275. p<. In Study 1B.2. the higher were BIT subscale scores for usurpation of right-of-way (B = . externally-focused frustration (B = .01). p<. externally-focused frustration (B = . H7.01 B=. p<. N. p<.317. H7.287. p<. p<.01).01). the higher the hopelessness scores.151. it was observed that the higher the hopelessness (BHS) scores.191. p<. Therefore. that hopelessness would have a significant positive direct effect on usurpation of right-of-way.415.349.4.05 Study 1C B=.01). the higher were BIT subscale scores for usurpation of right-of-way (B = . p<.288. externally-focused frustration (B = .157.05).191.317.05) but not for freeway urgency.151.01) and destination-activity orientation (B = . it is concluded that Hypothesis 7.099. 144 . p<.01).01 B=.01 B=.418. p<.280. 1C and 2.05 B=. p<. that hopelessness would have a significant positive effect on freeway urgency was not supported in Study 1B.01 B=.01 B=.275.28: Direct effects of hopelessness on BIT scores Total BIT score Usurpation of Right-of-way Freeway Urgency Externally-Focused Frustration Destination-Activity Orientation Study 1A B=. that hopelessness would have a significant positive influence on total BIT scores.153.141.247. B=. H7. p<. freeway urgency (B = .01 B=.151. externallyfocused frustration and destination-activity were supported in both Studies 1 and 2.05) and destination-activity orientation (B = . p<.200.01).01) and destination-activity orientation (B = . the higher the hopelessness scores. p<.05 Study 2 B=.05) and destinationactivity orientation (B = .415. p<.01 B=.01). p<. p<.232.254.153.01 B=. p<. p<. meaning that H7 was only partially supported for that study. p<.01 B=. p<.01 B=.280.3 and H7.05). the higher were BIT subscale scores for usurpation of right-of-way (B = .141.349. freeway urgency (B =.S.05). p<. it was observed that the higher the hopelessness scores. p<. p<.05 In Study 1A. p<.1.151. p<.01 Study 1B B=.232. was supported in Studies 1A. p<. the higher were BIT subscale scores for usurpation of right-of-way (B = .157.Table 4. In Study 2.254.01 B=.247. with both automobile and motorcycle drivers.01 B=. In Study 1C. p<.01 B=. freeway urgency (B = . p<. p<. externally-focused frustration (B = . p<. p<.287. p<.278.05 B=. p<.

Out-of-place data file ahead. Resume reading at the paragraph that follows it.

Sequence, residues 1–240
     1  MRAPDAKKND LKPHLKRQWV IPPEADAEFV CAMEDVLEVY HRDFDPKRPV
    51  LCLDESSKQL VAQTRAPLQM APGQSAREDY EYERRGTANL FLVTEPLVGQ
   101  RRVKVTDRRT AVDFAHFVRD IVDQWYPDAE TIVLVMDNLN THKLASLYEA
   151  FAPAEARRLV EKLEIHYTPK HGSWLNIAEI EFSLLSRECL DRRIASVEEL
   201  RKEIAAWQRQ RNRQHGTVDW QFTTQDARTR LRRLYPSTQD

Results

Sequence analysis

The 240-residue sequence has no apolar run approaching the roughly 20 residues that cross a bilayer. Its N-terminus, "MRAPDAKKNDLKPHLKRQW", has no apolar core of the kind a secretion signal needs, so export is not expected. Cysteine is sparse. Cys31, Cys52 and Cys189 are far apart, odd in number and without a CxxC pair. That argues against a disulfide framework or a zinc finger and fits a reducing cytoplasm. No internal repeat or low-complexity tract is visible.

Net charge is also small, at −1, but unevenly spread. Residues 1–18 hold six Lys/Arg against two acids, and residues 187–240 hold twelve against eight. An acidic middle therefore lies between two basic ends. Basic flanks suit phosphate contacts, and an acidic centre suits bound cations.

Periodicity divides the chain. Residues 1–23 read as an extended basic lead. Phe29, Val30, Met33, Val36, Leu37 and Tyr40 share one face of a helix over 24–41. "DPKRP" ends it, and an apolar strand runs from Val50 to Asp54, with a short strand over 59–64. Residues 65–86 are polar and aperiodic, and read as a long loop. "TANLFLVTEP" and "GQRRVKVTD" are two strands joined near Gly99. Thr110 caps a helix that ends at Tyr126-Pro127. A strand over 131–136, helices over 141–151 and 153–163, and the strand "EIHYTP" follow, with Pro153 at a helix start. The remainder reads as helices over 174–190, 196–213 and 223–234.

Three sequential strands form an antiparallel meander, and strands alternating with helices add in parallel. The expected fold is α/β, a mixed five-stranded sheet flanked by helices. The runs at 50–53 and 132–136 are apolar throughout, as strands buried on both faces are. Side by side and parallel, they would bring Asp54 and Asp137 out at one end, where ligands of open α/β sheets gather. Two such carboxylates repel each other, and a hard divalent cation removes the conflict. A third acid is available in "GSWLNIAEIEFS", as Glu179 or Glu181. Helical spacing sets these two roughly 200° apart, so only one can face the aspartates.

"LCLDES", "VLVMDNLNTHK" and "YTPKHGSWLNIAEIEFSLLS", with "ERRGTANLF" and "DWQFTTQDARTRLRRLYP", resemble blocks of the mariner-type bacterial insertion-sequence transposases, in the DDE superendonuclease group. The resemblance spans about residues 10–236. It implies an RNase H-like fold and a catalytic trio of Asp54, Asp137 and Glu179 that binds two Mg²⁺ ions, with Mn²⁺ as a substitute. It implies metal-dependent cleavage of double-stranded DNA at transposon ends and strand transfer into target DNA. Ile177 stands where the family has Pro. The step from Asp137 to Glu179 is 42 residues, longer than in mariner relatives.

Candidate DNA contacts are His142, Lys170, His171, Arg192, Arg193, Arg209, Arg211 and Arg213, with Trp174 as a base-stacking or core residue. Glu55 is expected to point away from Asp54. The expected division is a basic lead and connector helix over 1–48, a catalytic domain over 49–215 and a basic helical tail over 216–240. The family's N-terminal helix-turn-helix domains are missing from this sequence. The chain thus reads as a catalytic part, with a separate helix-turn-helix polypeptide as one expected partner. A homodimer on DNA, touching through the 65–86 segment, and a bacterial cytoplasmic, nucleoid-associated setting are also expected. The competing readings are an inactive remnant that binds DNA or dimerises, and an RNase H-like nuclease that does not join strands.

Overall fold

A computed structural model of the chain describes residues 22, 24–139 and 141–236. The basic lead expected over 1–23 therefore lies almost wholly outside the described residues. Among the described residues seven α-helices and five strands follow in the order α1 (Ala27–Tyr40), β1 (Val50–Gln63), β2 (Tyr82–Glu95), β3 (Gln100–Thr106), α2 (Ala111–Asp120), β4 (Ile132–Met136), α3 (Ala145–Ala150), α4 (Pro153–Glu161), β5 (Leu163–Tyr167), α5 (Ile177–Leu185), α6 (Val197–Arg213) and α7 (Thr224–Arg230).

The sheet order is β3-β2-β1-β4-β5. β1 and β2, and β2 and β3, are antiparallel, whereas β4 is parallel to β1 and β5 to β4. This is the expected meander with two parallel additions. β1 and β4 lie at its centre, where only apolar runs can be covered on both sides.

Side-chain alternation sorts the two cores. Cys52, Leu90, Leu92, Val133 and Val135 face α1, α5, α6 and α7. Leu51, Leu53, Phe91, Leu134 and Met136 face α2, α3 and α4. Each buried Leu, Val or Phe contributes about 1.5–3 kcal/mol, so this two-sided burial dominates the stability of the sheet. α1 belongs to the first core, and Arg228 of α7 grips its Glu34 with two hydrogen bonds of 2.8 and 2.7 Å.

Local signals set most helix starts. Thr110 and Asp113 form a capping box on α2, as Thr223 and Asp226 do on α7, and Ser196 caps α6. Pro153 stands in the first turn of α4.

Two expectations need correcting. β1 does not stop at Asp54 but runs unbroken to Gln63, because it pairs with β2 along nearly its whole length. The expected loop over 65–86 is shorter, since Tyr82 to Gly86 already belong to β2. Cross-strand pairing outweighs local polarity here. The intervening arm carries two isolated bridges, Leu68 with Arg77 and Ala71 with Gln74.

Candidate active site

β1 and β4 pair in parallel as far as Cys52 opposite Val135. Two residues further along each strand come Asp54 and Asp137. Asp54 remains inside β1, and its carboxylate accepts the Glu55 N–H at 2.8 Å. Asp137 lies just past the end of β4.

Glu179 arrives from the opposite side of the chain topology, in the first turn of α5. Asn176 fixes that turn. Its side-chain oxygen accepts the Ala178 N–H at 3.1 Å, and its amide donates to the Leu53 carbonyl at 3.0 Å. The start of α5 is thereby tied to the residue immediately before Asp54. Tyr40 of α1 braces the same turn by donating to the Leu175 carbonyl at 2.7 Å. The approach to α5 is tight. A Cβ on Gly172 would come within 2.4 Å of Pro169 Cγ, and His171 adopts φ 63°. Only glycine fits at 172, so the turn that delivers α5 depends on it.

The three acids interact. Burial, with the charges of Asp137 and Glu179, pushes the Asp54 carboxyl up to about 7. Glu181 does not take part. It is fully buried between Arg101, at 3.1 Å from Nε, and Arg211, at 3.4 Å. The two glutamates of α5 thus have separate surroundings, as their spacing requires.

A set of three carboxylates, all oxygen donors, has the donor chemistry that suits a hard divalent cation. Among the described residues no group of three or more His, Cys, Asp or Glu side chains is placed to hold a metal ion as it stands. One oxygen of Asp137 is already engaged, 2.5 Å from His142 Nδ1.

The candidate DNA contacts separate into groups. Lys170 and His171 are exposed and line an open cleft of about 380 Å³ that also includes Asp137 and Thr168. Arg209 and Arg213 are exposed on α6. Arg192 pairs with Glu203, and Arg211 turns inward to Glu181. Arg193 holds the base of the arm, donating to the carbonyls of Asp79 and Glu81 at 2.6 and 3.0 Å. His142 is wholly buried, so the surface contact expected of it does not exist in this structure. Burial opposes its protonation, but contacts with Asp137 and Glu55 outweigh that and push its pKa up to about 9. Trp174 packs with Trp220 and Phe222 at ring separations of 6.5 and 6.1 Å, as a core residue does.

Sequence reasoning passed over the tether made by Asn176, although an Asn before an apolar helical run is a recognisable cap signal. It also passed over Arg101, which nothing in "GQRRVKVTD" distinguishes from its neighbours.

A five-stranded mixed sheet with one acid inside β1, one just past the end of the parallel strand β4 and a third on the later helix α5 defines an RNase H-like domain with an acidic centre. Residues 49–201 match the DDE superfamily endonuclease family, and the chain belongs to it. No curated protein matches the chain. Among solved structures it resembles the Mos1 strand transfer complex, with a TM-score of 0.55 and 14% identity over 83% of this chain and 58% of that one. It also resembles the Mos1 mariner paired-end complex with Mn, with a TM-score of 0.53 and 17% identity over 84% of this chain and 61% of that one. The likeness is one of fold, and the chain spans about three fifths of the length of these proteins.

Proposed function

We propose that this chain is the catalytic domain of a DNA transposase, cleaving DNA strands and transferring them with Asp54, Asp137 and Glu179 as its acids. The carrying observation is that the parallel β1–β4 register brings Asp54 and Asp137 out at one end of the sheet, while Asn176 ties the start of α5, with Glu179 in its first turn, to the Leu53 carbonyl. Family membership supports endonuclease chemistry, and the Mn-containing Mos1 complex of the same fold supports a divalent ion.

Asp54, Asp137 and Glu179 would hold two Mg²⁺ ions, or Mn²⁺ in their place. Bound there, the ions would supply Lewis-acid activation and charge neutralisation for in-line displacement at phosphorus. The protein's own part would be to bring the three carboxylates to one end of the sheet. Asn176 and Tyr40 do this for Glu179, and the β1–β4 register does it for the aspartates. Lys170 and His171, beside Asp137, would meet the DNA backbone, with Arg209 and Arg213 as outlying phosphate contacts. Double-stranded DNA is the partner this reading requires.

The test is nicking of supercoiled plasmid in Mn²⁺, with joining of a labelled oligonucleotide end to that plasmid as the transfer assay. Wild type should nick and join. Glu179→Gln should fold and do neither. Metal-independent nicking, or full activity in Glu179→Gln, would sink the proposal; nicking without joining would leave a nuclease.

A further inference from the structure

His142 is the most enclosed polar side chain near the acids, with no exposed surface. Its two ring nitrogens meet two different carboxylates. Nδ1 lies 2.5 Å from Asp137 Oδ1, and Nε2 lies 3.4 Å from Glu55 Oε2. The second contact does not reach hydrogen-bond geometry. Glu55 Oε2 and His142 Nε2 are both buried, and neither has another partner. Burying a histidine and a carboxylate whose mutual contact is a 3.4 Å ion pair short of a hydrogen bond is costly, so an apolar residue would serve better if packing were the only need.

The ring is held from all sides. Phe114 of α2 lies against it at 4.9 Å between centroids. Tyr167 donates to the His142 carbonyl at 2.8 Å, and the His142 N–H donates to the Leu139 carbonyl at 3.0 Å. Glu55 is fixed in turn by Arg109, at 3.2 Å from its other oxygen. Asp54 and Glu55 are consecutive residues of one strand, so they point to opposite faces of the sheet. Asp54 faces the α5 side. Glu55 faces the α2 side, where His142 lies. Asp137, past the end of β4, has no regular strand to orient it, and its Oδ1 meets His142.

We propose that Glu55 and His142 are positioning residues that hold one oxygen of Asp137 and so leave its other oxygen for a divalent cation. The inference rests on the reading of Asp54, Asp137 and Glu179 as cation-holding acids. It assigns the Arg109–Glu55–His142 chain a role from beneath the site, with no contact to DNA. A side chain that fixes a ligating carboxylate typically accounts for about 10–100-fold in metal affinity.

results indicated that the higher were subscale scores for P.625. p<. p<.8 Hypothesis 8: Locus of Control Influences Behaviour in Traffic It was hypothesised that internality (I) would have a negative influence on total BIT scores while both externality-chance (C) and externality-powerful-others (P) would have a positive influence on total BIT scores.3 that externality-powerful-others would influence total BIT scores.339.29).336.2.01 B=-.2.01 B=. p<.297.315. p<. Table 4. B=. Therefore. With regard to H8.006. where only H8.168. N.178. p<.01 B=-. p<. Hypothesis 8 was partially supported for motorcycle drivers in Study 2.1. H8.229. that the higher the subscale score for I.2 and H8.4. that locus of control would influence total BIT scores were supported in Study 1.077. it is concluded that Hypothesis 8 was supported for automobile drivers in Study 1. the lower were mean total BIT scores.1. with internality observed to exert a positive effect on BIT and the two externality dimensions to exert negative effects.239. that internality and externality-chance would influence total BIT scores were supported.01 B=. p<. p<.01 B=. provided support for hypothesis H8. motorcycle and taxicab drivers).01 B=.05 B=. N. p<. but not of the sample of taxicab drivers in Study 3. p<.S. B=. N. p<. H8.388. the higher were mean total BIT scores automobile drivers in Study 1. results indicated that the higher were subscale scores for C.01 B=. With regard to H8. the higher were mean total BIT scores of automobile and motorcycle drivers in Studies 1 and 2.044.01 B=.01 B=.29: Direct Effects of Locus of Control on Total BIT Scores Study 1A I C P Study 1B Study 1C Study 2 Study 3 B=-. that internality would negatively influence total BIT scores was supported. but not of the motorcycle and taxicab drivers in Studies 2 and 3 (See Table 4. Hypothesis 8 was partially supported for taxicab drivers in Study 3.3.01 B=-.3. H8.1.01 B=-. p<.S.1 and H8.753. Results of multiple regression analyses (in studies of car.208.6. but not H8.S. 145 .